It’s an amazing accomplishment to build your business to a million in annual sales. There are only 700,000 businesses in the United States (among 27 million) that get to this point, according to our Small Business Market Survey. This is why I refer to businesses that reach this mark as elite businesses. The stage four, or seven-figure business, usually has 10–25 employees and generates $1 to $3 million per year in annual sales. And while everyone now lauds your success, there are some pesky sins that will knock you down or out if you don’t address them.
1. Failing to hire, train, and fire to your purpose, values, and mission. This sin is significant in stages two and three, but it becomes a cardinal sin at this stage. It is almost always committed among stage four businesses. The business owner’s network of employees is tapped out, so she’s hiring people she doesn’t know. If those new employees are not a fit, there’s big trouble brewing.
2. Failure to build a leadership team. As the business owner, you can’t have everyone reporting to you at this point. You need two or three managers who can lead teams to accomplish the goals of the company.
3. Lack of clear company goals. Speaking of leading people to achieve the goals of the company, those goals must be clear and present for everyone in the company. If they’re not, people with good intentions will waste their efforts.
4. No performance criteria for your people. With sales folks, it’s pretty easy to determine if the person is getting the job done. With other employees, it can be tough. Far too often, I see seven-figure business owners fail to clarify the primary responsibilities of each role. This is more than a job description; it’s a contract of the key responsibilities the employee must handle to keep his or her job.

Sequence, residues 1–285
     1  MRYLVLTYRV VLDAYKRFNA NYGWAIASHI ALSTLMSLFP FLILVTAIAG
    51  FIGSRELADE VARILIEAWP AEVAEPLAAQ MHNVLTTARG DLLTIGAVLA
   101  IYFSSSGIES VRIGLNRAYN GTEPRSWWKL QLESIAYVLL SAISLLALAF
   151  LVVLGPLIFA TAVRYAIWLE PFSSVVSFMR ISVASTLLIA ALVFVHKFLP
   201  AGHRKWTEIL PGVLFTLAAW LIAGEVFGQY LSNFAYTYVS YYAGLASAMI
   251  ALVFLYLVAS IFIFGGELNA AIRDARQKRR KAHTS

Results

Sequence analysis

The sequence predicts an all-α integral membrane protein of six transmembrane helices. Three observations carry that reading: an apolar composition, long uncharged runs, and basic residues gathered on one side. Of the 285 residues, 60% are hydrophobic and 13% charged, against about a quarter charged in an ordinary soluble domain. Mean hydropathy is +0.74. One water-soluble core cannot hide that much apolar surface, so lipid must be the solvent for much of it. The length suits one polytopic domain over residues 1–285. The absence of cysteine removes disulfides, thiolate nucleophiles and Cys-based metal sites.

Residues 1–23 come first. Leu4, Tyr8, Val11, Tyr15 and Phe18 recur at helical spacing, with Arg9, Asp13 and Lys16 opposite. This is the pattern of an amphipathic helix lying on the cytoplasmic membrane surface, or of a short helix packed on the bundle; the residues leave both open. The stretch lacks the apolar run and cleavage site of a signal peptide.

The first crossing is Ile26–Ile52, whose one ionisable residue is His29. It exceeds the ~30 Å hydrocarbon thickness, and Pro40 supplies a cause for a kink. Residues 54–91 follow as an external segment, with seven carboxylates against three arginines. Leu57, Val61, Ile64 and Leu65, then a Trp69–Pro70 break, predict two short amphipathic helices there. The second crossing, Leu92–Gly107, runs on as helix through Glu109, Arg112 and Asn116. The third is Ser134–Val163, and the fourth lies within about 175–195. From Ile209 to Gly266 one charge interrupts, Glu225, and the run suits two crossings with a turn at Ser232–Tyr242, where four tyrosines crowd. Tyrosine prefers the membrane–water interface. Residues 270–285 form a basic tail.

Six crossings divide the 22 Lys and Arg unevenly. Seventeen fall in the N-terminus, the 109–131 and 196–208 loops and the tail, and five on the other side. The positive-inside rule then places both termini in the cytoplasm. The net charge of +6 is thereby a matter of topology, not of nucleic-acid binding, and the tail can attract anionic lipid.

5. Lack of automated processes. You can’t do it all manually at this point. You’ve got to have a way to automate the repetitive, routine processes that make your business go. There’s no area of the business where this is more critical than in sales and marketing.
6. The business owner grips too tightly. When the business owner doesn’t trust her people to do their jobs, the job falls back on the business owner’s shoulders. This diminishes the abilities of the staff and puts all the weight on the business owner, resulting in stagnation or decline of the business…not to mention the total overload of the business owner.
7. The business owner is selfish. A business owner who doesn’t share responsibility, co-create the company vision, or pay people fairly will see his business struggle or even die at this stage. The leader must recruit other leaders and employees who want to contribute meaningfully to the cause. When the business owner shares, the business thrives.
Sometimes hitting the seven-figure stage can feel like you’re the winner of a pie-eating contest where the prize is more pie. If you work to avoid these seven deadly sins, you can have your pie and eat it, too, to mix metaphors.
SBS Idea of the Day: Get clear on your company’s top three to five goals for the year. Involve your top people in establishing and clarifying the goals. Then get your people aligned to the achievement of those goals so that everyone is on the same page. This is hard work, but it makes all the difference. Get crystal clear on your goals.
Read the other posts in Clate’s Seven Deadly Sins series:
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